A Divine Poem of the Shunamite.


A Clownish Poem on the Shunamite,
A sinner call'd to be the Lord's delight;
By the despised William Huntington,
Both known and trusted now in Paddington.



To Mistress SANGSTER, now at Number Eight,
'Tis by the New St. Luke's that's built of late,
At Old-street-end you'll find the Dame's abode,
In Winkworth's-buildings, on the City-road.


I HOPE, dear Madam, you will not be vex'd,
Because you find your name to this affix'd;
'Tis sent by ay of grateful recompense,
But not design'd to give the least offence.

I trust your name is in the book of life;
Nor have I us'd it here to gender strife
Take not this freedom in the least unkind,
The poem's sent to entertain your mind.

The subject matter is a work of grace,
Which on a saint in days of old took place;
The sex - a woman, and her statute great;
And to her sex these lines I dedicate.


But if you ask what I might have in view,
And why I send this poem first to you;
Or how I came to frame theso whims of mine,
And puzzle you, from first to last, with rhyme.

Some people's heads are like a hive of bees,
Whose brood sent forth, the women ring to please.
When Jesus shines, the heart with love gets warm,
'Tis then the head with thoughts begins to swarm.

Methinks, you prize an old prolific hive,
And wish their young may both increase and thrive;
You'd have the stocks be neither weak nor few,
But would not wish a swarm rung down to you.

A lion slain was once a hive for bees,
Against his ribs they built their cells with ease;
The mighty Saint, that slew the brute in ire,
Soon after found an entertainment there.

That beast proclaims my former state of mind,
In which I roar'd against an Arm Divine;
God slew the brute, and sent the honey too,
Or else this swarm had never fled to you.

'Tis by your means this work is brought about,
You shook the stand, and then the swarm went out;
At this my fault you must in love connive,
And mind in future how you move the hive.


'TWAS On a certain day I went from home,
As hawking pedlars are so apt to roam;
When I return'd the time was rather late,
My wife inform'd me what I now repeat.

She said - Here's been a vehicle to day,
And close by us the driver made a stay:
A little cart, drove by a little lass,
Who at our house pull'd in, and stopp'd the ass.

She straightly ask'd - If HUNTINGTON liv'd here,
But would not tell from whence she came, nor where;
She fetch'd this weighty burden to my door,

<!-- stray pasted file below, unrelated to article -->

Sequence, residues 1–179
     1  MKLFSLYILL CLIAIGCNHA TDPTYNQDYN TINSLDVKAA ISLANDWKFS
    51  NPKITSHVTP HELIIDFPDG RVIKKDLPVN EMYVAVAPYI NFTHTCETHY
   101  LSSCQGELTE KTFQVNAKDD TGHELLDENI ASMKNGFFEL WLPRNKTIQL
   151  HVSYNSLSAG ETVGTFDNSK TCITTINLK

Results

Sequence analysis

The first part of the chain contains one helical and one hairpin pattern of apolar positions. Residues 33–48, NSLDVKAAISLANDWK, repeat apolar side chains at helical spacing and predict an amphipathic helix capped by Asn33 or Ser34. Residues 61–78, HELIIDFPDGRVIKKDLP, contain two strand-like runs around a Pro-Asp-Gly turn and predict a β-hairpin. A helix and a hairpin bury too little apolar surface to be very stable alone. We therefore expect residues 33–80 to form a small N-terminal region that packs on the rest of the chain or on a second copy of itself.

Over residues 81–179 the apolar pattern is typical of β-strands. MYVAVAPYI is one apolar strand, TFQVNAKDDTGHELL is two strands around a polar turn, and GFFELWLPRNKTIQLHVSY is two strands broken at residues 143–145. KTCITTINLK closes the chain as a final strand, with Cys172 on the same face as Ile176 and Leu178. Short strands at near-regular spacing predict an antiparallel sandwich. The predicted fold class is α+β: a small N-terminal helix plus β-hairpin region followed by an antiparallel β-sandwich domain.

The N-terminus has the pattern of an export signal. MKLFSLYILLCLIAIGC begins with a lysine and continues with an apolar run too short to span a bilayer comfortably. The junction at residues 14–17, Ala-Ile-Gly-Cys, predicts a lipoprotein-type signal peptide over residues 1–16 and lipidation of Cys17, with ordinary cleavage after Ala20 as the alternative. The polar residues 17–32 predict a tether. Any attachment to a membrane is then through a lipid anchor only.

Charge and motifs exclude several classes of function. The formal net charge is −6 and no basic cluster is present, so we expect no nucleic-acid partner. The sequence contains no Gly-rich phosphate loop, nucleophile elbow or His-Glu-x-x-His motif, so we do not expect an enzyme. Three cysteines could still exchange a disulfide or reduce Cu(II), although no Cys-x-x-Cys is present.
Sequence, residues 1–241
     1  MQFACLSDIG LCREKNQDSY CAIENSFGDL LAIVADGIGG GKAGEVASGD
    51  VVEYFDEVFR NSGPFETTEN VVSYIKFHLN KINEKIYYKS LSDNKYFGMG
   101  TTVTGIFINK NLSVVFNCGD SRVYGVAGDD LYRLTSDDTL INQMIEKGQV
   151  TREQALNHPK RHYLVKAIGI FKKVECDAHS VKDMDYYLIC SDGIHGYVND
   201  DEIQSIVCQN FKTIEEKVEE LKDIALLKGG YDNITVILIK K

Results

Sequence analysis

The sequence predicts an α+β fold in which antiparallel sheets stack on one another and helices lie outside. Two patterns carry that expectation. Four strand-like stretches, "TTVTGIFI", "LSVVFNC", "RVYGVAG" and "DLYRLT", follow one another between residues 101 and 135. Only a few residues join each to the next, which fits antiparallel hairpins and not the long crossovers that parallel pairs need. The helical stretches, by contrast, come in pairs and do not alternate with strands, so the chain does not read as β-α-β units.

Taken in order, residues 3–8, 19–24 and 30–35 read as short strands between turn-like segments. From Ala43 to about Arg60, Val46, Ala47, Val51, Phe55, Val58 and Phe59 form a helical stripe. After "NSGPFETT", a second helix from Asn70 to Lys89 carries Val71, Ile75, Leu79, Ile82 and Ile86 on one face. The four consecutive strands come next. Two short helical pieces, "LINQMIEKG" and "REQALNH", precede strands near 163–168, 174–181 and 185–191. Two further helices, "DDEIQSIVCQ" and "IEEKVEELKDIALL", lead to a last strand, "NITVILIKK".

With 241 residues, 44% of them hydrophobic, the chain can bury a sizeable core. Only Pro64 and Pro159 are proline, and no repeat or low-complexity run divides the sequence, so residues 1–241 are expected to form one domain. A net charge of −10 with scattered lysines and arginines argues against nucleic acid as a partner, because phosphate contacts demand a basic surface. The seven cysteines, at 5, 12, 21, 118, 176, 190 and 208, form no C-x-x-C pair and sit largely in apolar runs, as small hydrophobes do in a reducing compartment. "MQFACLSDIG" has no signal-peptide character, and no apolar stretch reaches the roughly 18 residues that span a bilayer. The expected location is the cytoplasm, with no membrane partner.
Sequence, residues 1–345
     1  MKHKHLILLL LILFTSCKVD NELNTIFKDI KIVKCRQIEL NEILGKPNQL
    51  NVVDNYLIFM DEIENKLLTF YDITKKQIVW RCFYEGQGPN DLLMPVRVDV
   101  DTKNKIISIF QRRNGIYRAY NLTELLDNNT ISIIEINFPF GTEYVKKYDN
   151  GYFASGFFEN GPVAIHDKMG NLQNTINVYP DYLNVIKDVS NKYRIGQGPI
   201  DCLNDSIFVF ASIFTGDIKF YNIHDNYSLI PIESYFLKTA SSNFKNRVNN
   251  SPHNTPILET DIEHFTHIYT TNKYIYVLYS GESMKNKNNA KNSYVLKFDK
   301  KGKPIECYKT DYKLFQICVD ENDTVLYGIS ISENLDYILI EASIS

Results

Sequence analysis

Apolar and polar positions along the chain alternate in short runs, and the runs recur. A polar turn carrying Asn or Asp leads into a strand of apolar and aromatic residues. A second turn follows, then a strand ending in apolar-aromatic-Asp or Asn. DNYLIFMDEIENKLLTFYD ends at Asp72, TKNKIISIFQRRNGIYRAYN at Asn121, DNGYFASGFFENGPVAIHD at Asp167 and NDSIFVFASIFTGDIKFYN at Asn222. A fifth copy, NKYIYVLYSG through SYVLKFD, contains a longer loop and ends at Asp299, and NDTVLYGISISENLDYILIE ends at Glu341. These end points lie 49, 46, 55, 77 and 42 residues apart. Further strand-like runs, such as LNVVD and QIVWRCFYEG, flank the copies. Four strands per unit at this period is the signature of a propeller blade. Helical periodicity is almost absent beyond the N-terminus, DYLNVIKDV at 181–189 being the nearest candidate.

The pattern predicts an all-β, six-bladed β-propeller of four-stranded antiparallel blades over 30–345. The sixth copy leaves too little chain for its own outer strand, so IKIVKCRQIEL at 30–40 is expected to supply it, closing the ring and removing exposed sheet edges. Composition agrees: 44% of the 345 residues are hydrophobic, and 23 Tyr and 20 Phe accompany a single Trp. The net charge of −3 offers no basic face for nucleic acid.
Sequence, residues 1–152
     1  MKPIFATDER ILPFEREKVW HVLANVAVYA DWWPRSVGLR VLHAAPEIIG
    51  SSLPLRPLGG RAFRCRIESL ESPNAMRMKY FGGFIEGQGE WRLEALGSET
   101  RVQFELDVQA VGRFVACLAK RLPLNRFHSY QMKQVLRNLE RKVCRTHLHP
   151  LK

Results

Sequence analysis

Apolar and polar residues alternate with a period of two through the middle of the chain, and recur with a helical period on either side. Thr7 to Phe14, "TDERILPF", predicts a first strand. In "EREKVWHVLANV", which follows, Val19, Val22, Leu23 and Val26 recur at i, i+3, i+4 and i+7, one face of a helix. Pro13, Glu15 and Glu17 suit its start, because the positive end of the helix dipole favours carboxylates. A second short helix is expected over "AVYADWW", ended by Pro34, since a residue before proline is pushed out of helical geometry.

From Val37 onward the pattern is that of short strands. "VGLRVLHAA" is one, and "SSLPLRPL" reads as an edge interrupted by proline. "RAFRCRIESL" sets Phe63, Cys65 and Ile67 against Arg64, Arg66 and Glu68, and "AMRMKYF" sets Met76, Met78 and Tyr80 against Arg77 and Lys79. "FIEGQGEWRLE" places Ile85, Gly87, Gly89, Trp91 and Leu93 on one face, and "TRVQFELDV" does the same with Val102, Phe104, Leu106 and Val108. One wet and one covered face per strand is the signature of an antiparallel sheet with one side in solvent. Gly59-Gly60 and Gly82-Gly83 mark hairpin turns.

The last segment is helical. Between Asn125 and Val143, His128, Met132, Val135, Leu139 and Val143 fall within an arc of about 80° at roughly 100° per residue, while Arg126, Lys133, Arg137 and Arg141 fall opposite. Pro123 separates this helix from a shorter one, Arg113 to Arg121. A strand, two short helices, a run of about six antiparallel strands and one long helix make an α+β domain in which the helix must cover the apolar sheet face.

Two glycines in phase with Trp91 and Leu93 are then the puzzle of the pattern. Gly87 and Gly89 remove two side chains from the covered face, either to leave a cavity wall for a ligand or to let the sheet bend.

And then return'd the way she came before"

We held a council, but could not devise
Who was the benefactor in disguise;
At last 'twas settl'd, if conjecture's true,
The lot we cast - the sentence fell to you.

The little equipage of cart and ass
Was something like what Shunem brought to pass
If wrong conjectur'd, take it not amiss;
To tell the truth - my poem sprung from this.

My frothy head has often fell to rhyme,
The work I stifl'd for the want of time -
Till Friday last appeared a leisure day,
In which I thougdt to send this swarm away.

I meant, at first, to send my thoughts to you,
And not expose the same to public view;
I only meant to send an homely fare,
And, with yourself, your other-self a share.

But so it fell, when I began to write,
That heart and head brought many things to light,
Much more than I at first purpos'd to send,
For I at night had thirty verses penn'd.

I found my mind entangl'd in a strait,
How I should send this burden'd vessel's freight.
And when constrain'd some other way to seek.
'Twas fix'd to write, and send it once a week.

Again, I thought a month might turn about
Before I got this springing matter out,
While you, from day to day, might long to see
The next epistle that might come from me.

At last, I thought I'd send it from the press,
But send my pious friend the first address;
And after that, expose the whole to view,
That others might be fed as well as you.

Thus I contriv'd, and fix'd the scheme at last,
And now present you with this strange repast
Accept my present, let it not displease;
Be thou enlarg'd, and hive this swarm of bees.

Methinks you aim'd to have your gift conceal'd
And not in public print to be reveal'd;
But women's pleas to men's replies give place -
A priest may speak where they must hold their peace,

Give my respects to your superior lord,
As you and him in things divine accord;
If entertain'd with what I send to thee,
I hope, in turn, you'll send a line to me.

Forget me not when both engag'd in pray'r,
A prodigal return'd should have a share
(God well approves of charity divine),
And you, in turn, shall have a share in mine.


The chosen race, while in their native state,
And still preserv'd, in Christ, to life, by fate;
Jehovah's eye their various steps surveys,
And lends his sacred aid through all their ways.

The distant spot, the time, the means decreed,
When they shall hear, and choose the promis'd seed;
Their future husband's will shall be reveal'd,
And they to love shall sweet subjection yield.

A pious matrons o the days of old,
A sheep appointed for the Shepherd's fold,
A woman great, the chosen Shunamite,
Decreed, by fate, to be the Lord's delight.

A prophet grave, upon a certain day,
By God's appointment was to pass that way;
Her feet were guided with this saint to meet,
And she constrain'd the man of God to eat.